Elective surgeries, grants helping Memorial Regional Health maintain ‘business as usual’ during trying time for rural hospitals | CraigDailyPress.com
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Elective surgeries, grants helping Memorial Regional Health maintain ‘business as usual’ during trying time for rural hospitals

Nursing student Nathan Allred, right, works Feb. 27, 2020, in the Memorial Regional Health Emergency Department with nurses Jacie Jourgensen and Dave Higgins. The hospital has been trying to cut $850,000 in monthly expenses.
Matt Stensland, Special to The Colorado Sun

A recent wave of federal funding, along with an important decision regarding elective surgeries has allowed Memorial Regional Health to maintain business as usual during a time in which rural hospitals across the state are struggling significantly financially, leading to some closing its doors.

In fact, the state’s rural hospitals saw a 268 percent decrease in profit in March compared to last year, according to an analysis from the Colorado Hospital Association. That’s lead directly to a number rural hospitals shutting their doors.

Prior to the outbreak of the novel coronavirus in the state of Colorado, it was well known where Memorial Regional Health stood financially. The closing of certain service lines, and the termination of popular doctors, along with the dwindling numbers of days cash on hand has been well documented over the last few months regarding one of the largest employer in Moffat County.

However, due to those budget cuts and the decision to allow elective surgeries to still happen locally, MRH was able to sustain financially until the latest rounds of federal coronavirus assistance from the U.S. Department of Health and Human Services and the Paycheck Protection Plan rolled in, totaling more than $4 million.

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“Without those cuts in 2019, the elective surgeries allowed locally and the federal funding, we wouldn’t be here right now,” MRH Chief Executive Officer Andy Daniels said. “We were fortunate in the fact that we were allowed to continue elective surgeries locally, whereas Steamboat could not Meeker chose not to do so. That allowed us to have some revenue coming in, especially during a time in which our in-patient volume at the clinics and ER were down 40 to 60 percent.

“Adding in the federal help, we were able to keep employees employed locally with no layoffs,” Daniels added. “We were able to send people home to work and still pay them. For us, that was huge.”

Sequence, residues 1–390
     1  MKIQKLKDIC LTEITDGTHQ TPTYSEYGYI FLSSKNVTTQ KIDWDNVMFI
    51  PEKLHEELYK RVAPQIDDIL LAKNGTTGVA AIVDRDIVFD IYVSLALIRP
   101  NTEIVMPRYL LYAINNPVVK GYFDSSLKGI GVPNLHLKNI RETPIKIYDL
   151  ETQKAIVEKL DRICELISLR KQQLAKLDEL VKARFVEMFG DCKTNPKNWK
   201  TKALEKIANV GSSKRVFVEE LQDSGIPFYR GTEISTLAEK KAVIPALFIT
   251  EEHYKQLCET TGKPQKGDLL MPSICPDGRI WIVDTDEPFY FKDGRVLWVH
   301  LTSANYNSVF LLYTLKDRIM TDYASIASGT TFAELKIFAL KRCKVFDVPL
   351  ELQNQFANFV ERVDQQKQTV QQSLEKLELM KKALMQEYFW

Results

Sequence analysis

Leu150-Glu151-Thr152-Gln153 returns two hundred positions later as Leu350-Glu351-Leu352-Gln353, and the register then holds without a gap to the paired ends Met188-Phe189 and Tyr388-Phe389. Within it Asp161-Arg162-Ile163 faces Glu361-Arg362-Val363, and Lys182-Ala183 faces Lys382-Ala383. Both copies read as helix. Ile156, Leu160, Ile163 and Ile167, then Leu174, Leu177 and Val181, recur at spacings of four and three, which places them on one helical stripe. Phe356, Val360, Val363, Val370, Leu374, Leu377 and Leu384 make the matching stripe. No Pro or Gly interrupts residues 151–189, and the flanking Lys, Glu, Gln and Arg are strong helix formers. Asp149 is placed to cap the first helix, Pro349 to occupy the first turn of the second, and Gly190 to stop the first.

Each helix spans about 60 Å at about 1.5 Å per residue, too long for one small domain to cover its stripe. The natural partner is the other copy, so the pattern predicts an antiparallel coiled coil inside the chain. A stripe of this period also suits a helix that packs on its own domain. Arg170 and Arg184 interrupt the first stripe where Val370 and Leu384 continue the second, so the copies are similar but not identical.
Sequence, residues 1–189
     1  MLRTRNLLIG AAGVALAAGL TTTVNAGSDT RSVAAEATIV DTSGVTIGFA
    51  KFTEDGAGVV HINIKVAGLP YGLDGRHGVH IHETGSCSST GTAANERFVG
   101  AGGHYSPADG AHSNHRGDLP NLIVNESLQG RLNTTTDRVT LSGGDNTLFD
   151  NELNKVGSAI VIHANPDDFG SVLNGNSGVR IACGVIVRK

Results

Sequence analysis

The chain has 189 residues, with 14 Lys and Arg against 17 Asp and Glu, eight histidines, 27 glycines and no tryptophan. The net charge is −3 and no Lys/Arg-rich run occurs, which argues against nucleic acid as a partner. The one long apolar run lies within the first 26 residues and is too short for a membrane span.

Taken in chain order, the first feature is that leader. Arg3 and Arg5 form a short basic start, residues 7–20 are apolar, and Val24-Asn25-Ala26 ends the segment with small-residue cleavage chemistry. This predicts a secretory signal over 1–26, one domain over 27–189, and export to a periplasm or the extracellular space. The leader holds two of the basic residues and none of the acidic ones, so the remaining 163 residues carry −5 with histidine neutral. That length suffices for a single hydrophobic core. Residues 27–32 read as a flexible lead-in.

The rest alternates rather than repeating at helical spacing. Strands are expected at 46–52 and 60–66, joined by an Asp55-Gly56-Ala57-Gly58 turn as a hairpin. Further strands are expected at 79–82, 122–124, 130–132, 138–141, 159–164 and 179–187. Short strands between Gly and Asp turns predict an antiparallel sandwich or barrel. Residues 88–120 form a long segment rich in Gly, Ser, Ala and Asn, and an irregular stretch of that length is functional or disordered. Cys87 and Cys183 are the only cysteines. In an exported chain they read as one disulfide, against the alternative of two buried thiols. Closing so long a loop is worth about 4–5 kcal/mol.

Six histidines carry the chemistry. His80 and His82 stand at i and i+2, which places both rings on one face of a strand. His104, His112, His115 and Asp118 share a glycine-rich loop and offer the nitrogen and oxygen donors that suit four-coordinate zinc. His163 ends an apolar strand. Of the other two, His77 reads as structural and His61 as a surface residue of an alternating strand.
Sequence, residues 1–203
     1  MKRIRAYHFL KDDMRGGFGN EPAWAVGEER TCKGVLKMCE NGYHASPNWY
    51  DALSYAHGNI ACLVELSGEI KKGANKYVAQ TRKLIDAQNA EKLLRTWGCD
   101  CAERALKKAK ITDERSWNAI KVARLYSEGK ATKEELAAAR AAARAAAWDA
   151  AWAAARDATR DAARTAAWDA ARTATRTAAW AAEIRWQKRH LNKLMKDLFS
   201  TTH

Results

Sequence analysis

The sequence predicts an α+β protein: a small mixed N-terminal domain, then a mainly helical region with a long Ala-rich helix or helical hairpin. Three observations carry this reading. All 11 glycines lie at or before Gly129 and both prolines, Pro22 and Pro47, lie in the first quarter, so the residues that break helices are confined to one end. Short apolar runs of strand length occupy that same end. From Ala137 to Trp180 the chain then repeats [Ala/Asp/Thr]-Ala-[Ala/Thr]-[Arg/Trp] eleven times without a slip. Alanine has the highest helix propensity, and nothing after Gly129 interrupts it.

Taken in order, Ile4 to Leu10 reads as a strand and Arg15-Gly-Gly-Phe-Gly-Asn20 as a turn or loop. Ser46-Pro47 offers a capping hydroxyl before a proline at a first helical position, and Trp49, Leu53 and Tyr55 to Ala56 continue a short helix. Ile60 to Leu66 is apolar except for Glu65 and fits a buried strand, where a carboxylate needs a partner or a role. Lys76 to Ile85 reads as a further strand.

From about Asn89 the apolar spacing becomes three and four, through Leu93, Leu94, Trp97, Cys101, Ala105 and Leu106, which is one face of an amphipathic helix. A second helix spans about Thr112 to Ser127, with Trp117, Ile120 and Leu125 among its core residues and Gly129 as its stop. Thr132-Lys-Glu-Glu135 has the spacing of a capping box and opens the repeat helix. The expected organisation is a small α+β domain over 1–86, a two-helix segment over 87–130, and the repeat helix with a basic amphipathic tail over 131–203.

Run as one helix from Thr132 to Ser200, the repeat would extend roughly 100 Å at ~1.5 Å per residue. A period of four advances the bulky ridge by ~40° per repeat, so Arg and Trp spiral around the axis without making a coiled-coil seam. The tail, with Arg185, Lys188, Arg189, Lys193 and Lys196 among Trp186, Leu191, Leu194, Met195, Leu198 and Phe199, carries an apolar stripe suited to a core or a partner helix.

When the federal Paycheck Protection Program was announced, critical access hospitals such as MRH (access to 25 beds or less) were not able to apply, but thanks to some help from elected officials such as Senators Cory Gardner and Michael Bennet, Congressman Scott Tipton and Gov. Jared Polis, MRH was able to gain access to an exemption to apply for the program and receive approval.

“We fought hard to get exempted into the program, which put us ahead of later legislation allowing rural hospitals to apply for that grant,” Daniels said. “They [Senators Gardner and Bennet, Congressman Tipton, and Gov. Polis] were absolutely engaged in MRH’s ability to continue to do elective surgeries safely, getting us the PPP funds and HHS help.” The PPP money is being used to keep everyone whole on their paychecks through the middle of June, Daniels added.

Before the most recent funding was announced, the Colorado Rural Health Center released a report that stated 18 of the 42 rural Colorado hospitals were operating at a loss in 2019. Memorial Regional Health was one of the 18 prior to the budget cuts.

Following the outbreak of the coronavirus, some hospitals are reporting revenue losses greater than 50 percent at the same time expenses increased to purchase additional personal protective equipment and other supplies in response to the pandemic. According to Daniels, MRH was ahead of the wave of PPE and stocked up, allowing the hospital to tap into the PPE reserve, keeping costs down.

Now, with federal funding behind them and a slow increase in business as things get a little better locally, Daniels says he sees a positive outlook for the rural hospital for the next three months.

After that though, Daniels says it’s hard to project that far ahead without knowing what’s coming.

“We’re in good shape right now,” Daniels said. “But again, it’s really hard to say what things will look like later in the year with COVID. If we wouldn’t have made some of the decisions we made and pushed for some funding, we wouldn’t be here. That’s no different from some of the other rural hospitals across the country right now.”


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